Cross-section of a 3-D printed adult human femur from a Northwestern University Engineering research team led by Ramille N Shah (photo: Northwestern University)
3D printing presents an alternative to bone grafts. Previous research involved creating the bones themselves using hydroxyapatite and other minerals. However, this was not without difficulty owing to the secondary function of bones wherein they produce blood cells in the marrow – a difficult process to reproduce. Instead, new techniques are focusing on creating a scaffold composed of bone powder and polycaprolactone and layering it in stem cells and growth hormones.
The growth hormones are meant to promote differentiation of the stem cells and, once implanted, these will continue to grow and create bone using the scaffold as a foundation and the host’s system to revascularise the growing tissue and cause it to harden. These scaffolds are biodegradable and as time passes and tissue growth is stimulated, the scaffold will break down to leave behind only the regenerated bone tissue.
The rapid creation of perfectly tailored scaffolds that will support the injury and stimulate healing and regeneration of the bone would provide a fast, relatively inexpensive and, if effective, a lifelong solution for injuries with major damage to bone. In this way, 3D printing could enable swift construction of products tailored to the specific individual’s injury and needs on site.
For those who are born with limb reduction defects or people who have had a prior amputation, 3D-printing provides an exciting and affordable solution.
The ability to create 3D-printable prosthetics is changing the way physicians and patients approach prosthetics. In recent years physicians and engineers have been able to develop wearable, comfortable, and customised prosthetics for a wide range of people. From young children to adults, 3D printing makes it easy and fast for physicians to provide functional alternatives to those who have experienced limb loss owing to injury or birth defect. These prosthetics are also less expensive and quicker to make than traditional options, costing patients around $50 and can be available within a day compared to commercially available prosthetics, which start around $5,000.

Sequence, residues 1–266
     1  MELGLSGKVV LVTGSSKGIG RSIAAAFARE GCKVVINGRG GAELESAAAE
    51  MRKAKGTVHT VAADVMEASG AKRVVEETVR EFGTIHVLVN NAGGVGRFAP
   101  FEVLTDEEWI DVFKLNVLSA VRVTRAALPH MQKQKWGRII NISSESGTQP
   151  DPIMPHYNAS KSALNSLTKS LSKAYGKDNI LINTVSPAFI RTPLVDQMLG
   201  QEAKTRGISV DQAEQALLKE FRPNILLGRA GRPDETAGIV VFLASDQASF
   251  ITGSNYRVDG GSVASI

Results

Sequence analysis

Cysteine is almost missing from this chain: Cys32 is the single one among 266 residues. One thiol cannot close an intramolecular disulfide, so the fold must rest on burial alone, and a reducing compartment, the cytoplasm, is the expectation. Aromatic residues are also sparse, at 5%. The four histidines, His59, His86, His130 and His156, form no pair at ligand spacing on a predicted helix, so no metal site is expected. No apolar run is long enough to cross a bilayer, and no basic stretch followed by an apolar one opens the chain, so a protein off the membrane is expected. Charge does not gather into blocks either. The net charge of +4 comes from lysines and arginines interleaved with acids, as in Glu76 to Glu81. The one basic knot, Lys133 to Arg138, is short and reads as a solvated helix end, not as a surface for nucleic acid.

Groups of engineers, designers, physicians, amputees and the public have come together in many places to make 3D printable prosthetics a reality. One group, e-NABLE, is a dedicated network of individuals from around the world who are working towards making these printable prosthetics available to people in need. Using the latest technology these printable prosthetics are highly customisable and ‘patient-specific’, fitted to each individual based on features of their unique anatomy (FDA). A spokesperson for the global network of volunteers told CRJ: “While these devices have just a simple basic grasp and can not lift much weight, it seems that one of the most treasured function - is a self confidence boost in the recipient who gets it. There is something to be said for how it makes them feel versus function alone. There are many who opt for trying an e-NABLE device over their traditional claw and hook devices, simply because it makes them feel like they blend in more.”
Researchers at MIT’s Lincoln Laboratory's Technology Office Innovation Laboratory (TOIL) have been working to improve the comfort and functionality of these prosthetics. Using Magnetic Resonance imaging (MRI) and quantitative measurements of residual limbs a group at MIT created a 3D printed socket that allows for optimal comfort. In order to improve functionality, designers have added nonelectoral temperature and tactile feedback to aid finger motion. A tactile component would greatly improve patient experience by allowing them to feel pressure through flexible tubing, running from the fingertips of the prosthetic to the forearm of the patient.